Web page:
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My server saves incremental backups on a zfs volume. Due to the data being very similar I can reduce the growth significantly - there is around 500GB of "new data" every day but the pool grows only around 5-10GB/day, the rest is stored in deduplication / compression.

I want to copy the backup to encrypted usb disks, which I also set up as zfs volumes for that reason. When I sync the backup either with rsync or zfs send/recieve it seems like all data is transfered again (just stored as dedup on the usb drive). Due to this, the backup currently takes over 24h, which makes daily backups impossible.

Is there a way to backup this faster?

  • 2
    Snapshot and send incrementals. – Michael Hampton Oct 31 '16 at 18:57
  • @MichaelHampton I already tried that: zfs send history/backup@daily | pv | zfs recv backup1/history this one still sends the 500GB, but does not transfer that much. It still is not faster than transferring the 500GB – user19760 Oct 31 '16 at 20:04
  • 3
    You need to use an incremental, see the man page. – Michael Hampton Oct 31 '16 at 20:18
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Michael Hampton's advice is spot on and the Solaris man pages are quite good, but the concept is not that easy to grasp for a beginner. I will outline the points I've experienced when writing my scripts.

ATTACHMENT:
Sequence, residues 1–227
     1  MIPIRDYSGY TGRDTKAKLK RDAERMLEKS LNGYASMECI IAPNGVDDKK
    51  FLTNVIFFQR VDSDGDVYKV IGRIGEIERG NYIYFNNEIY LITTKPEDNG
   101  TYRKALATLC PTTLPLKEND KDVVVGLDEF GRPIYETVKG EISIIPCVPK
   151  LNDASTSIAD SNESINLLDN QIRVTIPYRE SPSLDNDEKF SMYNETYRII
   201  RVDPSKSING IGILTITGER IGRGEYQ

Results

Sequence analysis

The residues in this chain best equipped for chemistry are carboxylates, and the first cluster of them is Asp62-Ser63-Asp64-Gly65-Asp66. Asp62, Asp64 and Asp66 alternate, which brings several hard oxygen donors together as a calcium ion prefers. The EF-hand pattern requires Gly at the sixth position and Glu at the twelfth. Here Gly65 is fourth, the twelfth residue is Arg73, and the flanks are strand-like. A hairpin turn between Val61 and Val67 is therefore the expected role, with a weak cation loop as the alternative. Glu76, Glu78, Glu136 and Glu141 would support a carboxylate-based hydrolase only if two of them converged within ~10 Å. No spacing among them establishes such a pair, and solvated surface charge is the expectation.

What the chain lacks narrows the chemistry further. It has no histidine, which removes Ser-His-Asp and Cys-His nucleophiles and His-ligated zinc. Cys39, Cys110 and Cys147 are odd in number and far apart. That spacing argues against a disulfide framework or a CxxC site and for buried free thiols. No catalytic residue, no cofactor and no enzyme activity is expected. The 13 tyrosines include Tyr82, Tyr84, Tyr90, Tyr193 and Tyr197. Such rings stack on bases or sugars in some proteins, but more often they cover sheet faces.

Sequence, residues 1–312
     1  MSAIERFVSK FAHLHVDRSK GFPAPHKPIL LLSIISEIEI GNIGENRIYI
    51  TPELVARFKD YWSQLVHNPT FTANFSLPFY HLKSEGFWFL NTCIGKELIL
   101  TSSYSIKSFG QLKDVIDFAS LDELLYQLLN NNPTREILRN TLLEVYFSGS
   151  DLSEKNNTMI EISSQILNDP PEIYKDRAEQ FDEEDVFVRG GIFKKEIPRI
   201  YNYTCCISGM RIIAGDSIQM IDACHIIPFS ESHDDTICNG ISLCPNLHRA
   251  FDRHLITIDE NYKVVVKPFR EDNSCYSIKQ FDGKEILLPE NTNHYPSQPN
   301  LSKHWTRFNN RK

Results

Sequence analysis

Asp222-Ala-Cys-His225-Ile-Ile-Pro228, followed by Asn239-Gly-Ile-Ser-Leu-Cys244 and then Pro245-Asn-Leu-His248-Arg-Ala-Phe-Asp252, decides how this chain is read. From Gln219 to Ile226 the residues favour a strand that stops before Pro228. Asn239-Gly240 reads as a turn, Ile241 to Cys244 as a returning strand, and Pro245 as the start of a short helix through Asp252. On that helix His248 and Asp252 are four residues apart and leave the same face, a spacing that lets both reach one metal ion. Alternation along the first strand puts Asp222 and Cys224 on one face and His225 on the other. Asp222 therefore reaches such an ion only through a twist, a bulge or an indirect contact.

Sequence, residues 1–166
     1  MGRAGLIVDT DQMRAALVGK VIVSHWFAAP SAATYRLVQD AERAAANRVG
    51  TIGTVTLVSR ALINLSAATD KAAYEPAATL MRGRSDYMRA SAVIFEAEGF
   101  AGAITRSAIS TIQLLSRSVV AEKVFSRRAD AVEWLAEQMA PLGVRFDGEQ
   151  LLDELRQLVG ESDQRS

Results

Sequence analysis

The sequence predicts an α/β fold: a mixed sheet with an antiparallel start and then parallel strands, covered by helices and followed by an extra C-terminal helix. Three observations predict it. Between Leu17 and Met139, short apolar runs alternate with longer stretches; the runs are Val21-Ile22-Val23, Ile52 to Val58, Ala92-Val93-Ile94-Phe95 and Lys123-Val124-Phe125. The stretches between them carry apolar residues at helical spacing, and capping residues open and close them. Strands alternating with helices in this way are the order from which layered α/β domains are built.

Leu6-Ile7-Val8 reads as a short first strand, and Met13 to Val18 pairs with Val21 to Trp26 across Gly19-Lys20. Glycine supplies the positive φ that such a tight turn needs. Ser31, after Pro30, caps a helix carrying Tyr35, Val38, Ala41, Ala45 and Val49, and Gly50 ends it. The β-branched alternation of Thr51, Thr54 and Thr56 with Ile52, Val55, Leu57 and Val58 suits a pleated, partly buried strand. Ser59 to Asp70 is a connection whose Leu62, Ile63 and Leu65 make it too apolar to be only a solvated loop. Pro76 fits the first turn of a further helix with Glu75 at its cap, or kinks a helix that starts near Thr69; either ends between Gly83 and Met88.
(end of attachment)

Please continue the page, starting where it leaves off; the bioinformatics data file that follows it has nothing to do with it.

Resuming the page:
Essentially, you first do a snapshot x and a full send/recv as usual:

# Initial send, destroy all filesystems on the destination
# pool which are not present on the source pool.
zfs snapshot pool0@snap0
zfs send -R pool0@snap0 | zfs recv -Fdu pool1

After that, you do snapshot x+1 and send it incrementally. You can delete old snaps on the source, but you need to keep the last on (most recent one) so that differences can be calculated. If you lose/destroy your last snapshot on the source, you will have to start over with a full initial send!

# incremental send, destroy all filesystems on the destination
# pool which are not present on the source pool. Afterwards, old
# snapshots can be destroyed.
zfs snapshot pool0@snap1
zfs send -R -I pool0@snap0 pool0@snap1 | zfs recv -Fdu pool1
zfs destroy pool0@snap0

# Afterwards, repeat and replace snap1 with snap2 and snap0 with snap1 etc.

Some advice from my own experiences:

  • Deleting the last snapshot means you need to start over, so be careful, check for successful return values in your script first.
  • You can either number the snaps or use date - numbering is easier, but dates are better if you look at the logs and/or do frequent snapshots.
  • When experimenting with options and trying -nv to simulate, be advised that this works for send, but will fail with recv, because there is nothing to receive. This is not obvious from either the manual or the error messages.
  • Snapshots will take up space until they are destroyed, and they "lock" your deleted space. If you do backup frequently, this is not a problem. If you use more than one target disk/pool and/or backup seldom, you may experience disk space constraints. In illumos/OpenZFS there exists the bookmarks feature, which can be a way to circumvent this problem. Unfortunately, it currently only supports single snapshots instead of recursive, so you have to add the recursive code yourself.
  • If you do not want to use/write your own, use one of the many ones on Github. I think znapzend is the most mature one of them.

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